Thursday, December 29, 2016
What’s a Rural Landowner’s Responsibility Concerning Crops, Trees and Vegetation Near an Intersection?
A question that I get periodically involves the responsibility, if any, of a farmer or rural landowner to make sure that crops, trees or other vegetation on their property don’t obscure a motorist’s view on a public roadway. It’s an interesting question, and the answer involves a discussion of the negligence principles of tort law. The answer can also depend on the particular jurisdiction, and it may be surprising.
Every negligent tort case contains four elements that a plaintiff must establish in order to prevail – (1) duty (2) breach (3) causation and (4) damages. The defendant must have had a duty to act in a certain way towards the plaintiff, must have breached that duty, and the breach of the duty must have caused the plaintiff’s damages. There usually isn’t any question about the breach or damages elements – those are typically self-evident in most cases. Sometimes a question does arise concerning the duty element. But, most of the controversy in any given negligent tort case is commonly focused on the causation element. Did the defendant’s breach of the duty owed to the plaintiff actually cause the plaintiff’s damages? In other words, the resulting harm to the plaintiff must have been a reasonably foreseeable result of the defendant's conduct at the time the conduct occurred.
Some things are reasonably foreseeable and other things are not, and an individual will be held liable for harm that is reasonably foreseeable or reasonably expected to result from the defendant's actions. For example, in a Georgia case, a landowner was not liable for the death of a motorist struck by a falling tree. While the tree leaned over the road, there was no visible decay present and the landowner had no notice of the dangerous condition. Wade v. Howard, 499 S.E.2d 652 (Ga. Ct. App. 1998). There must be a causal connection - a causal linkage - between the defendant's action and the plaintiff's harm. But, what about crops, trees or other vegetation that obstructs a motorist’s view? Does the landowner have a duty to maintain crops, trees and other vegetation in a manner that doesn’t block the view of the motoring public? That issue came up in a recent Kansas case. If there is no duty, then the causation issue is moot.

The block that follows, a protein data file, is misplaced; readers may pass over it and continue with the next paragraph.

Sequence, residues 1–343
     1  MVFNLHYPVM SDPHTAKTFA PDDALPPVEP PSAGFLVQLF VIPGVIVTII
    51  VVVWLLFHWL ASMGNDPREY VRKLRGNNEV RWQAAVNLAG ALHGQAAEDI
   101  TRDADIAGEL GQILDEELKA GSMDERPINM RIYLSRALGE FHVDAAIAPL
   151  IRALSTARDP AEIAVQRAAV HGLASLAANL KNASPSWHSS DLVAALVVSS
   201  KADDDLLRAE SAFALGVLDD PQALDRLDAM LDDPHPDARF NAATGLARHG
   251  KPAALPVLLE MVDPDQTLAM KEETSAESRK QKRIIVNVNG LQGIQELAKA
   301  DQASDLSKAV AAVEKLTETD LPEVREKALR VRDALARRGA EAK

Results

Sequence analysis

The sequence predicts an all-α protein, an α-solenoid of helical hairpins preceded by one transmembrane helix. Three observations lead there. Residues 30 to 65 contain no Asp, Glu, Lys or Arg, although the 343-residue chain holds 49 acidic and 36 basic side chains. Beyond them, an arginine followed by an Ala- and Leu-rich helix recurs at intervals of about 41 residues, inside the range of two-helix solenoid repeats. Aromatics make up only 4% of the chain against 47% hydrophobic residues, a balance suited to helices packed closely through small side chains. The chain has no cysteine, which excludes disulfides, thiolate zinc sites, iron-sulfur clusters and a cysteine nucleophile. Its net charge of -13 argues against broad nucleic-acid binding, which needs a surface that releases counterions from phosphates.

In Manley v. Hallbauer, No. 115,531 (Kan. Ct. App. Dec. 23, 2016), the defendants (a married couple) owned about 11 acres of land that abutted an intersection of an infrequently traveled gravel county road. The intersection was uncontrolled – there were no traffic signs. Trees on the defendants’ property completely obstructed the view for the last 50 to 60 feet before the intersection. Two vehicles collided at the intersection, with the driver of one of the vehicles dying in the crash. The decedent’s estate sued the landowner for negligence, claiming that the defendants had a duty to trim their trees to maintain visibility at the intersection. The trial court granted summary judgment for the defendants and the estate appealed.
The appellate court affirmed. The court noted that the trees had been on the property when the defendants acquired it about five years before the accident, and that the defendants had not received any complaints from the County or anyone else about the trees. The court also noted that there was no record of any prior accidents at the intersection and also no evidence that either driver attempted to stop or slow down before entering the intersection.
On the duty issue, the court noted that it existed if the plaintiff was a foreseeable plaintiff and the probability of harm was foreseeable. In other words, the question was whether a reasonable landowner would have foreseen a probability of harm to motorists from the obstructed view. But, as the court noted, that question cuts both ways. Drivers also have responsibility to drive with more caution when view is obstructed. Similarly, under the Restatement [Second] of Torts §343A, the court noted that landowners don’t have a duty to protect people from open and obvious dangers. That, principle, the court noted, relates to the foreseeability issue. The defendants could reasonably assume that motorists would protect themselves from the obvious visual obstruction by taking additional precaution. Also, under the Restatement [Second] of Torts §363, a provision that Kansas courts have applied numerous times, a rural landowner has no liability for physical harm caused to someone outside the land itself when the injury was caused by a natural condition on the land, such as trees. The court rejected the approach of the Restatement [Third] of Torts §54 that makes landowners liable if the landowner knew of the risk or the risk was obvious as not being consistent with Kansas law. Instead, the rule in Kansas is one of no-liability, no-duty. The court noted that was also the rule in Arkansas, Florida, Illinois, Iowa, Massachusetts, and Virginia. In all of these jurisdictions, landowners don’t owe a duty to motorists to cut down naturally occurring vegetation that obstructs the view at an intersection. If the condition on the land is artificial, however, a different rule applies. In that situation, landowners owe a duty of reasonable care to motorists.